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Crop Science Abstract -

Inheritance of Resistance to Goss's Wilt in Maize


This article in CS

  1. Vol. 30 No. 4, p. 893-896
    Received: Jan 20, 1989

    * Corresponding author(s):
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  1. C. L. Treat,
  2. W. F. Tracy ,
  3. P. N. Drolsom and
  4. J. G. Coors
  1. Dep. of Agronomy, Univ. of Wisconsin, Madison, WI 53706



Resistant genotypes are the best means of control for Goss's wilt (Corynebacterium micMganense ssp. nebraskense Schuster, Hoff, Mandel, and Lazar) of maize (Zea mays L.). The purpose of this study was to identify susceptible and resistant genotypes and to determine the inheritance of resistance to Goss's wilt using generation means analysis and diallel experiments. Thirty-nine inbred lines were screened for resistance to Goss's wilt. Sixteen were susceptible, 15 intermediate, and 8 resistant. Four experiments, two generation mean analyses (GMA), and two diallels were used to investigate the inheritance of Goss's wilt. One GMA experiment consisted of the resistant inbred Mol7Ht, the susceptible inbred A634Ht, the F1, F2, and the F1 backcrossed to both parents. A second GMA experiment involved resistant MolTHt, susceptible CM105, the F1, F2, and the F1 backcrossed to both parents. One diallel had five parents and one six. Additive gene action was important in the generation mean analyses for resistance to Goss's wilt. Year effects and the generations × years interaction were highly significant. In the diallel experiments, general combining ability was highly significant for both, demonstrating the importance of additive gene effects. General combining ability and specific combining ability sums of squares accounted for 97.7 and 2.3% of the variation among crosses, respectively, in the first diallel, and for 91.0 and 9.0% in the secondiallel. The results suggest that recurrent selection should be effective among the maize lines tested for resistance to Goss's wilt in maize.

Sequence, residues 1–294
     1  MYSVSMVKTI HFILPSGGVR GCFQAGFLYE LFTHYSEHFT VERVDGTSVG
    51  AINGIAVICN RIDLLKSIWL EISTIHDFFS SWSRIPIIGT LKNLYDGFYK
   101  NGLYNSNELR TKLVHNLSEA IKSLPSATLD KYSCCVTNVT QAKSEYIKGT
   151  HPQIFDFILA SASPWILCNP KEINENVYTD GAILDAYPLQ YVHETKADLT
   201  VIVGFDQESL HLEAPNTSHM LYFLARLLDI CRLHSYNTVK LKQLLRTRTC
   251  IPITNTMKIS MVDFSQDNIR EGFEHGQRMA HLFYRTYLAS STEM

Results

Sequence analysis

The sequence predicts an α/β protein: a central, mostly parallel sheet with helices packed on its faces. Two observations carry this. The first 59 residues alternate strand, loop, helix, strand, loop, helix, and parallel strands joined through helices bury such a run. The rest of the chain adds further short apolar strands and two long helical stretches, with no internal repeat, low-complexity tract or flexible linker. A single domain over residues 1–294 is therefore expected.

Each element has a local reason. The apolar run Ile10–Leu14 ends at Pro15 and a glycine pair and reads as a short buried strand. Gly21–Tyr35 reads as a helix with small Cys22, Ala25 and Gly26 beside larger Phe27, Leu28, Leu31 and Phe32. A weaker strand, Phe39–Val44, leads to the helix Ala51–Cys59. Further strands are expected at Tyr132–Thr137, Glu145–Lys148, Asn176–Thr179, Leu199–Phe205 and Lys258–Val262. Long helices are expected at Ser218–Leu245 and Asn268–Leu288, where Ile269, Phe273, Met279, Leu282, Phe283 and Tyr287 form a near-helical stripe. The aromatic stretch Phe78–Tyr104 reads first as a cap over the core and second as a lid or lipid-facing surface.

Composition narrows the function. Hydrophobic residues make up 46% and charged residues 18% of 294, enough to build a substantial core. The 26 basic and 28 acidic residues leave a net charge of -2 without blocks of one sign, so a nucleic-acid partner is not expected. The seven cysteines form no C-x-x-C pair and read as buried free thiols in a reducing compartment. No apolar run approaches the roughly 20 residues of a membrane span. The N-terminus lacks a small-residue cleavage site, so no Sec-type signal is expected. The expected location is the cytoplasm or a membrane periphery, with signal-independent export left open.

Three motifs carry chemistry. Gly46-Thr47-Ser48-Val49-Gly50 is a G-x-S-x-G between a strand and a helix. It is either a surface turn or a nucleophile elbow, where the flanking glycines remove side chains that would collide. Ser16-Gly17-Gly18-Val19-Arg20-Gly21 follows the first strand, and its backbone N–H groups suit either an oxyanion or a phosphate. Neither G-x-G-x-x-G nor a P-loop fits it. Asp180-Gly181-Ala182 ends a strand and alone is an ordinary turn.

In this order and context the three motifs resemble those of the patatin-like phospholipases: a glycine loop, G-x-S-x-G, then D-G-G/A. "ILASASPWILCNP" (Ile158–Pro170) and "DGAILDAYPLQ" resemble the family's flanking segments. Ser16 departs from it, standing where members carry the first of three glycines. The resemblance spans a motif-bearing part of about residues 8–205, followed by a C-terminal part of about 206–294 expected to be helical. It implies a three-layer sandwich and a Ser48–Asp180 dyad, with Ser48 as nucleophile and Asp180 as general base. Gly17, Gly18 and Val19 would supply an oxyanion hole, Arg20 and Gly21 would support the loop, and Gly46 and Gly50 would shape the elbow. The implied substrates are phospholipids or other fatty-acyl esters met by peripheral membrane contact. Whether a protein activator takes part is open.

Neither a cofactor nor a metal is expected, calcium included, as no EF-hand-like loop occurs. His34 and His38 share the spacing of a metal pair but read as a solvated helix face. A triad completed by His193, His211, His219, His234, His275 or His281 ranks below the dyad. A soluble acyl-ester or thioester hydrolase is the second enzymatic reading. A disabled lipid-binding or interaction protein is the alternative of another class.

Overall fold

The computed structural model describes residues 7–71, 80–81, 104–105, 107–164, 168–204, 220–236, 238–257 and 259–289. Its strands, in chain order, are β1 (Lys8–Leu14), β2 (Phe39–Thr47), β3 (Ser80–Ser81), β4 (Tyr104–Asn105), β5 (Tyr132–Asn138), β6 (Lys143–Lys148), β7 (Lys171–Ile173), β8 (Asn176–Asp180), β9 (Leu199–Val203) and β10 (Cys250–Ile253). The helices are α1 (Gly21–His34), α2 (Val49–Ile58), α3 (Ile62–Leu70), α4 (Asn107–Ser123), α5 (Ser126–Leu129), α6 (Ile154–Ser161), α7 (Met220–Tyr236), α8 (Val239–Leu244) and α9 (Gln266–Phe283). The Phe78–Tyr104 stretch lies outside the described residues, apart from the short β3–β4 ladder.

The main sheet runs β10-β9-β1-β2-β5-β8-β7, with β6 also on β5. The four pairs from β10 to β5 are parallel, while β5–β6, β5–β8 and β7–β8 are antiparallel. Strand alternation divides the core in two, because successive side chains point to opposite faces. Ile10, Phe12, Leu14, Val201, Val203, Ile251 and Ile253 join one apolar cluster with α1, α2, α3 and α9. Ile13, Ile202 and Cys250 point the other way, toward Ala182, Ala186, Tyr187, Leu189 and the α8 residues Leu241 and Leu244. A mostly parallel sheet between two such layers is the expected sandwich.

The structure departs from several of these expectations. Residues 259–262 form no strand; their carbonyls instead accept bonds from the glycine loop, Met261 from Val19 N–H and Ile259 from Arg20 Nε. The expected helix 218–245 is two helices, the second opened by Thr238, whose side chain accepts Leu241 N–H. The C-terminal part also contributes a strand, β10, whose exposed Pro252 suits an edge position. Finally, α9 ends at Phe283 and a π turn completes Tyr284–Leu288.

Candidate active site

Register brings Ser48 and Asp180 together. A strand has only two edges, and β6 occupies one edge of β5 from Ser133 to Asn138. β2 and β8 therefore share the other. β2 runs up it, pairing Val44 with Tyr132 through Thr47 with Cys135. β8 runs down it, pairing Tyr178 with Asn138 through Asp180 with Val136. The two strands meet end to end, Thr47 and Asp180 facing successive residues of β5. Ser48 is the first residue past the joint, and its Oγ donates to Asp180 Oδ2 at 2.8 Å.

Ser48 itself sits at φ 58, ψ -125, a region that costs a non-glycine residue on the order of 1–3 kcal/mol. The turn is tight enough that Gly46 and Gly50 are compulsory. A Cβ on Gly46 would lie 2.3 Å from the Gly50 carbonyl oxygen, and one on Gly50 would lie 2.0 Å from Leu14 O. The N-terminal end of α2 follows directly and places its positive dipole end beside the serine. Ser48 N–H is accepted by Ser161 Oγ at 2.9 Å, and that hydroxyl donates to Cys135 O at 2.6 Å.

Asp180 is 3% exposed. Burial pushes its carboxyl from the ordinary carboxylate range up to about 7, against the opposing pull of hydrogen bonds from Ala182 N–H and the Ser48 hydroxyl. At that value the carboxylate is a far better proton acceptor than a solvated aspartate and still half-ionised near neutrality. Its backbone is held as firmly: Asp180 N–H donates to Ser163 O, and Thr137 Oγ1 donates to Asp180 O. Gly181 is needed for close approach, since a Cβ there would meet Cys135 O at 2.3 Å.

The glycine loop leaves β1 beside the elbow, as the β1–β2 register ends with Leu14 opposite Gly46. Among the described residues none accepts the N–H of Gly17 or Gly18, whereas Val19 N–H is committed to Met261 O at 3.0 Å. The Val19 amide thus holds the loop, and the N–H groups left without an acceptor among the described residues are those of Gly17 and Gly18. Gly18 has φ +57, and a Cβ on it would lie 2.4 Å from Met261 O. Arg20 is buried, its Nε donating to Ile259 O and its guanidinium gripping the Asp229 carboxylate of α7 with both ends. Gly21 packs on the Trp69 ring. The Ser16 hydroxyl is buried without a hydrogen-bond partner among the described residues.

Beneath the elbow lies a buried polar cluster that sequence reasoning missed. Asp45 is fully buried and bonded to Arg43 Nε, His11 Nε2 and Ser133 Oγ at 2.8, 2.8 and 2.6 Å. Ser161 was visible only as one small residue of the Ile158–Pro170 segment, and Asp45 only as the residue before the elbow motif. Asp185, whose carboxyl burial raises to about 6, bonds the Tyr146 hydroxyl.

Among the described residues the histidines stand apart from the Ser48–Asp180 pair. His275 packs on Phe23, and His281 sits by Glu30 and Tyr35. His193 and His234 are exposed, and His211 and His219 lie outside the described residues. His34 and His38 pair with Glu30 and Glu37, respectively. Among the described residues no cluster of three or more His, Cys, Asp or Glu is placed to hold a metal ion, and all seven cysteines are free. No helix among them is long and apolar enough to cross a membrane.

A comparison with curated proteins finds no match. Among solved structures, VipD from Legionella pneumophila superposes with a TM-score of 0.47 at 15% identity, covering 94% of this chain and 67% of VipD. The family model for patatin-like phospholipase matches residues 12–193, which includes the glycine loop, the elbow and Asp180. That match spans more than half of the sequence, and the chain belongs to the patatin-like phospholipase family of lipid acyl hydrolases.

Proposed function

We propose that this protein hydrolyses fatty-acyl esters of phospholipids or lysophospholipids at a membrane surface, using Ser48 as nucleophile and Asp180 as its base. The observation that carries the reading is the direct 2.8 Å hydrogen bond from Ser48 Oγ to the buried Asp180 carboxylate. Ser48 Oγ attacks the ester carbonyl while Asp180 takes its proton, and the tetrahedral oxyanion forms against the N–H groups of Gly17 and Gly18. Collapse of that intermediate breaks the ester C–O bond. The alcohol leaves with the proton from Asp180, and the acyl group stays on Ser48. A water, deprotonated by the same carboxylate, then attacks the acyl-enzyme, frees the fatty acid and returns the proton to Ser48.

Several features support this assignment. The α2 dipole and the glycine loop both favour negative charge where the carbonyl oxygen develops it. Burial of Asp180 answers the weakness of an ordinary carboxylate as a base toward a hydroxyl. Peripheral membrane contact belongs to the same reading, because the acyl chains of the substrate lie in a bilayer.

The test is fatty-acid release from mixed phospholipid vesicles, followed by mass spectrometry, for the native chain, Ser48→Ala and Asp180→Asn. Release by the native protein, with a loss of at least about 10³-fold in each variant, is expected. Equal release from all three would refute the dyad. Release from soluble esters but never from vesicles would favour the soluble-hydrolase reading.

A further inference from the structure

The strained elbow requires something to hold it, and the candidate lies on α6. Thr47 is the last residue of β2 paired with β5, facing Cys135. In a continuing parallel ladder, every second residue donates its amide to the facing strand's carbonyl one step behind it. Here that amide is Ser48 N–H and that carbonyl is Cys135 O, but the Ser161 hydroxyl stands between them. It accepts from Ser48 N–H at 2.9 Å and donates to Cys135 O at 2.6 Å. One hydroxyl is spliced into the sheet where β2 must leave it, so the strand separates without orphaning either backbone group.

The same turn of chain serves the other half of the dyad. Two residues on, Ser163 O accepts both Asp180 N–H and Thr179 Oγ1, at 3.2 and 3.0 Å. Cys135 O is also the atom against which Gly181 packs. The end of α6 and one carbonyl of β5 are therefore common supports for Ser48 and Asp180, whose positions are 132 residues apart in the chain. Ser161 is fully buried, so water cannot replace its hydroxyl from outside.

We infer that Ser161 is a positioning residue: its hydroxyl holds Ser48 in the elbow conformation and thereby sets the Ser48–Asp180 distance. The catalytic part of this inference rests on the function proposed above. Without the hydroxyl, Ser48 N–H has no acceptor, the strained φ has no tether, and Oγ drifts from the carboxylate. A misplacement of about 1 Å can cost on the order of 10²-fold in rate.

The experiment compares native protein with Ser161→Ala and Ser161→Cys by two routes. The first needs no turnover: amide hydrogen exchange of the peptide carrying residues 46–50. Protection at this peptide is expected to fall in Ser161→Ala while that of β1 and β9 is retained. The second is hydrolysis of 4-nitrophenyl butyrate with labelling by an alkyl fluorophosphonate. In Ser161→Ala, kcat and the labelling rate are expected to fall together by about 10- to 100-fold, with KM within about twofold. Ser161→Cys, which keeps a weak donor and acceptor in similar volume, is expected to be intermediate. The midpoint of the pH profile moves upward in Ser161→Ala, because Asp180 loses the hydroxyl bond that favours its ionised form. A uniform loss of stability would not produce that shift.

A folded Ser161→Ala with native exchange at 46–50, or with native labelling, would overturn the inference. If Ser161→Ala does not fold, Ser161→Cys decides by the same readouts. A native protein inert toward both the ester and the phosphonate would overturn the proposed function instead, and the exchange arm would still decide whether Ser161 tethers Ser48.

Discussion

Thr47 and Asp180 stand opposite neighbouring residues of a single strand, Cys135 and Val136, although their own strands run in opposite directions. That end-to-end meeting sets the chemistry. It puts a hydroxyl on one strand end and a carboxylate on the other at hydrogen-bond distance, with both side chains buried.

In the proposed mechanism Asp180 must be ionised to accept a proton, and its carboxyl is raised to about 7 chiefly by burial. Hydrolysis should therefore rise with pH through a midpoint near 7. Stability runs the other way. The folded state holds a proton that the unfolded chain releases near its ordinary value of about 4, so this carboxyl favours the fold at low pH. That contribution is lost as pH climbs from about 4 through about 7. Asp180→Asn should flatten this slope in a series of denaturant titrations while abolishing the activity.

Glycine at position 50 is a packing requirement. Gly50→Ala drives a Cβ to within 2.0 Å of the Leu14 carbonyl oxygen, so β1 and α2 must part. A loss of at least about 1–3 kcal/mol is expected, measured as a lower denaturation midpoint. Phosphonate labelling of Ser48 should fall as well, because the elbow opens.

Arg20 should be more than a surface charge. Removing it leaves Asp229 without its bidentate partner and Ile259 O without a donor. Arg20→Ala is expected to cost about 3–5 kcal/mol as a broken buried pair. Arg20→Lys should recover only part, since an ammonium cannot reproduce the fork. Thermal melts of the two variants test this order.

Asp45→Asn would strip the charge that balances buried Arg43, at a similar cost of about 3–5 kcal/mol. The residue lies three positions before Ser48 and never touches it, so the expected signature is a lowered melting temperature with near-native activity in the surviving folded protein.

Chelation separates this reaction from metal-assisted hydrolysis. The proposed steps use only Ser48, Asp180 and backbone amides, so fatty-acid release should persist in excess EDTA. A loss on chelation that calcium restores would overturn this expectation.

Contribution from the Wisconsin Agric. Exp. Stn. Research supported by the College of Agric. and Life Sciences, Univ. of Wisconsin Madison. This research was from a thesis by the senior author in partial fulfillment of requirements for the M.S. degree at the Univ. of Wisconsin-Madison.

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